Philandering, not faithfulness, is 'our norm'

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Toronto, July 30 (ANI): Humans are polygamous by nature and faithfulness is only an unnatural impulse, claims a new book.

In the new book, Sex at Dawn: The Prehistoric Origins of Modern Sexuality, authors Christopher Ryan and Cacilda Jetha, pore over anthropological, anatomical and psychosexual evidence, arriving at a bleak conclusion-our rabid sexuality just doesn't gel with monogamy.

That's because we weren't a dutifully faithful species until the advent of agriculture, at the most 2,000 years ago, claim the husband and wife team.

Before that, people evolved in "primal hordes" where food, shelter, childcare - and sex - were shared.

Men didn't care about paternity because they had no private property to pass down, and women got all the resources they needed from their community, not individual men.

That dynamic resurfaced with the original American swingers - not hippies, but crewcut Second World War air force pilots swapping wives at key parties.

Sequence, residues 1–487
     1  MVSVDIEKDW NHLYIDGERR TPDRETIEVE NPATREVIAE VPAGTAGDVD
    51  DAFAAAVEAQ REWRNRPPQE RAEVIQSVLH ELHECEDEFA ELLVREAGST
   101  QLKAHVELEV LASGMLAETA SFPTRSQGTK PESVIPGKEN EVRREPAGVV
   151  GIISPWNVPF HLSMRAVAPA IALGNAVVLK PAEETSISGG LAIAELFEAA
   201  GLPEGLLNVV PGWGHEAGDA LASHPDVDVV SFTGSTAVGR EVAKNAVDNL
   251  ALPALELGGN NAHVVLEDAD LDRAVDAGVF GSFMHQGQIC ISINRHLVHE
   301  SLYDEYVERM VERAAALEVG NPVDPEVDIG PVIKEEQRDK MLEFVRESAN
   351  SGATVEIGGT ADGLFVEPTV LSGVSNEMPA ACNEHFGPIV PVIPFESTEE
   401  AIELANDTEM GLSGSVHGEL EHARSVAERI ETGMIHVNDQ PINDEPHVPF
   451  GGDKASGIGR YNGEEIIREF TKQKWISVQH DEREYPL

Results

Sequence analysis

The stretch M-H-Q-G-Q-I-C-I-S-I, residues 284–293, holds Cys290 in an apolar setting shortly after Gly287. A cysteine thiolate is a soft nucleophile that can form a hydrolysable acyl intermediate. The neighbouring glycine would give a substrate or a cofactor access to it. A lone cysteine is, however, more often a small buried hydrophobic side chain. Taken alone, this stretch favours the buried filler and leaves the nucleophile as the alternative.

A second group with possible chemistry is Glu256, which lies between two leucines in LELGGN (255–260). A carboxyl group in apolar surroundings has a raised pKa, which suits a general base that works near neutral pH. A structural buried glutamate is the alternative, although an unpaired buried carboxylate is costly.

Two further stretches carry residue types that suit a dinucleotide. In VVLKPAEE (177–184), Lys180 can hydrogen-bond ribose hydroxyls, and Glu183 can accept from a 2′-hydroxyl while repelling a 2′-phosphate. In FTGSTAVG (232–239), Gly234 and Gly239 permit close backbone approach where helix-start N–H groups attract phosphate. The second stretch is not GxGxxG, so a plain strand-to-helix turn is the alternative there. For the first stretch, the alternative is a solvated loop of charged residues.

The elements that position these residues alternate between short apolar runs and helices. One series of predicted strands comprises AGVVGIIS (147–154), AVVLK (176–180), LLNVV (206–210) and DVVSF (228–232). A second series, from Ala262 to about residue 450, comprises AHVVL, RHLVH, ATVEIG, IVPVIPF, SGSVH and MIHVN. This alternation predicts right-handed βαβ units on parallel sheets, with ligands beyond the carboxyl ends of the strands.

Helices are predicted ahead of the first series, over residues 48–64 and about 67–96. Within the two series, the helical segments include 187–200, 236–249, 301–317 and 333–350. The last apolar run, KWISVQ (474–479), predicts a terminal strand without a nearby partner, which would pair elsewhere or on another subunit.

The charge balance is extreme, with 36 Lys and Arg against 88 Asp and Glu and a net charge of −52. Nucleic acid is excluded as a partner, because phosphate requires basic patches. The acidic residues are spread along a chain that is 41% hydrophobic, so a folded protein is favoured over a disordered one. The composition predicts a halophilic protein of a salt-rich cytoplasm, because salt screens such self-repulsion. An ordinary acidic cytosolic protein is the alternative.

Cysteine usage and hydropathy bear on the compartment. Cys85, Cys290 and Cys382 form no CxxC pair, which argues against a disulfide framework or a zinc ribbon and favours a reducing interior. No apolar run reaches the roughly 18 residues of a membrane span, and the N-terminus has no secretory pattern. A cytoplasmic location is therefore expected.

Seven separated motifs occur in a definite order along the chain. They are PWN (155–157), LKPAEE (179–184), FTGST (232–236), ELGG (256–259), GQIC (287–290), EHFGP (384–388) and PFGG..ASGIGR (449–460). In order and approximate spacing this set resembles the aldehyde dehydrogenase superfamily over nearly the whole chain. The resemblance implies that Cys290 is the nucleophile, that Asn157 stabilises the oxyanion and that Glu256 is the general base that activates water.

If a husband was killed overseas, the surviving pilots would, in theory, take care of his wife.

'Of all Earth's creatures, none is as urgently, creatively and constantly sexual as Homo sapiens," the Globe and Mail quoted the authors as writing in the book.

Our bodies offer even more clues to our promiscuous origins, from women's capacity for multiple orgasms to men's penises, the largest of all in the primate order.

Still, the authors lament, monogamy persists as the norm even as high divorce rates, a burgeoning hook-up culture and a porn industry grossing some hundred billion dollars annually declare our randy dispositions. (ANI)

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